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If I use std::cout in my simple unit test in Eclipse CDT, I get the error message: "XML parse error: Content is not allowed in prolog."

However, if I delete the line with the "cout" message then the tests run correctly. It appears that the debug message I am printing to the terminal is interfering with the unit testing output such that the "C/C++ Unit Test" window in Eclipse is not able to parse the unit testing output.

My question is, how can I use the Unit Test support in Eclipse's CDT if my code contains some cout debugging messages? Can the unit testing output be sent to a different location (like a temporary file) so that it is separate from the cout/debug/log messages printed to the terminal?

EDIT: For example, if I use the example 25 in http://www.boost.org/doc/libs/1_42_0/libs/test/doc/html/utf/user-guide/fixture/global.html:

#define BOOST_TEST_MODULE example
#include <boost/test/included/unit_test.hpp>
#include <iostream>

//____________________________________________________________________________//

struct MyConfig {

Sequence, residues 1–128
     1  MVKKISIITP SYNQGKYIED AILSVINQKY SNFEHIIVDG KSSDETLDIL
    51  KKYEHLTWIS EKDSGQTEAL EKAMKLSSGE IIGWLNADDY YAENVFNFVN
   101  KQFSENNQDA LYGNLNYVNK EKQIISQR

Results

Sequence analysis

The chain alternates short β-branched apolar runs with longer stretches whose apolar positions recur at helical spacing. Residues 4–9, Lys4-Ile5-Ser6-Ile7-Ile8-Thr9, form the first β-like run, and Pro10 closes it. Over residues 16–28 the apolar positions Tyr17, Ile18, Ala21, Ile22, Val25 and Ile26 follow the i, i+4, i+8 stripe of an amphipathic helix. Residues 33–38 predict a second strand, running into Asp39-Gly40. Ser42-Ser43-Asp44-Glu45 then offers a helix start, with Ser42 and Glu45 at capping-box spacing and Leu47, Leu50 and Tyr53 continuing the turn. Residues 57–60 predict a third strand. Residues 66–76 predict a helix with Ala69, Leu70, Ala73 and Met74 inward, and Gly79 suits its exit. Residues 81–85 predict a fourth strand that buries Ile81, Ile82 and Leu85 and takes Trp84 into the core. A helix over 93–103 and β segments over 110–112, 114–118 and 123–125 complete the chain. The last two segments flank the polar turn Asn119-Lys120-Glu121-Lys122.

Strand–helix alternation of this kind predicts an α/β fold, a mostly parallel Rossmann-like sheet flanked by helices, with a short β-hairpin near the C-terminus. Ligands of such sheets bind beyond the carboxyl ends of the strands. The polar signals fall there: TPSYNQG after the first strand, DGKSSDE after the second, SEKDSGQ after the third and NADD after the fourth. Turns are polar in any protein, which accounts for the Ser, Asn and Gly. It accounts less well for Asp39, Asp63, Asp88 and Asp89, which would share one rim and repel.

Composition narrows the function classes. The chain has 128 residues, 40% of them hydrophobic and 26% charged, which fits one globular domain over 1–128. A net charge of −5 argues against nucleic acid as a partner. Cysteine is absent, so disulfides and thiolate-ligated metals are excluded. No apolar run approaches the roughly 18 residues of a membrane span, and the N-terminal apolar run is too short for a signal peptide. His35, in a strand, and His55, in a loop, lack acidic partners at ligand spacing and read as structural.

MyConfig()   { std::cout << "global setup\n"; }
    ~MyConfig()  { std::cout << "global teardown\n"; }
};

//____________________________________________________________________________//

BOOST_GLOBAL_FIXTURE( MyConfig );

BOOST_AUTO_TEST_CASE( test_case )
{
    BOOST_CHECK( true );
}

//____________________________________________________________________________//

then I get the error "XML parse error: Content is not allowed in prolog." in Eclipse. This seems to be caused by the Eclipse Unit Test tool not being able to parse the output containing "global setup". So the question is: how can continue to use this example with debug messages printed while getting Eclipse's Unit Test tool to parse the messages and show the unit test results?

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2 Answers 2

The communication between Eclipse CDT & Boost.Test is implemented via std::cout, so your code should not output anything else there. You should use BOOST_MESSAGE or print to std::cerr instead.

Unfortunately it is a limitation of Boost.Test and it should be extended to implement the feature you wanted.

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I overcame a similar problem with XML parse errors interfering with the test run by conditionally wrapping output to std::cout with CDATA tags for the unit test build:

#if defined(WRAP_XML_CDATA)
  output << "<![CDATA[";
#endif

...

#if defined(WRAP_XML_CDATA)
  output << "]]>";
#endif

This stops the output of your program being parsed as XML.

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